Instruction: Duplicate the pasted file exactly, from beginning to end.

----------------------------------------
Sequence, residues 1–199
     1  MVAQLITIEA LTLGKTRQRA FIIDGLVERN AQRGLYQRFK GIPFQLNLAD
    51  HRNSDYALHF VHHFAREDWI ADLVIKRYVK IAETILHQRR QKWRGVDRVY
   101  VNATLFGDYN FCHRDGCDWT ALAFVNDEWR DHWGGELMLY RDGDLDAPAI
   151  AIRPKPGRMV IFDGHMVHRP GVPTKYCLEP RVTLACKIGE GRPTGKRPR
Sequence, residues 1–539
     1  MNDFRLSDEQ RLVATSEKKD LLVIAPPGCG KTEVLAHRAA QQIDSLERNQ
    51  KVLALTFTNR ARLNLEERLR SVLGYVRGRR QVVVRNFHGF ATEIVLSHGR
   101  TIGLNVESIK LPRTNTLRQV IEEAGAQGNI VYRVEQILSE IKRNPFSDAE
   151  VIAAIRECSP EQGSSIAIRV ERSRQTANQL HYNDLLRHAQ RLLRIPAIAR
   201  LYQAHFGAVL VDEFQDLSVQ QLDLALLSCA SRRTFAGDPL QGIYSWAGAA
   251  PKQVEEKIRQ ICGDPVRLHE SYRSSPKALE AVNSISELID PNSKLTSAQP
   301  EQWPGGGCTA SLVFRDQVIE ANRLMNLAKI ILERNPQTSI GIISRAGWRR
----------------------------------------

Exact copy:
Sequence, residues 1–199
     1  MVAQLITIEA LTLGKTRQRA FIIDGLVERN AQRGLYQRFK GIPFQLNLAD
    51  HRNSDYALHF VHHFAREDWI ADLVIKRYVK IAETILHQRR QKWRGVDRVY
   101  VNATLFGDYN FCHRDGCDWT ALAFVNDEWR DHWGGELMLY RDGDLDAPAI
   151  AIRPKPGRMV IFDGHMVHRP GVPTKYCLEP RVTLACKIGE GRPTGKRPR
Sequence, residues 1–539
     1  MNDFRLSDEQ RLVATSEKKD LLVIAPPGCG KTEVLAHRAA QQIDSLERNQ
    51  KVLALTFTNR ARLNLEERLR SVLGYVRGRR QVVVRNFHGF ATEIVLSHGR
   101  TIGLNVESIK LPRTNTLRQV IEEAGAQGNI VYRVEQILSE IKRNPFSDAE
   151  VIAAIRECSP EQGSSIAIRV ERSRQTANQL HYNDLLRHAQ RLLRIPAIAR
   201  LYQAHFGAVL VDEFQDLSVQ QLDLALLSCA SRRTFAGDPL QGIYSWAGAA
   251  PKQVEEKIRQ ICGDPVRLHE SYRSSPKALE AVNSISELID PNSKLTSAQP
   301  EQWPGGGCTA SLVFRDQVIE ANRLMNLAKI ILERNPQTSI GIISRAGWRR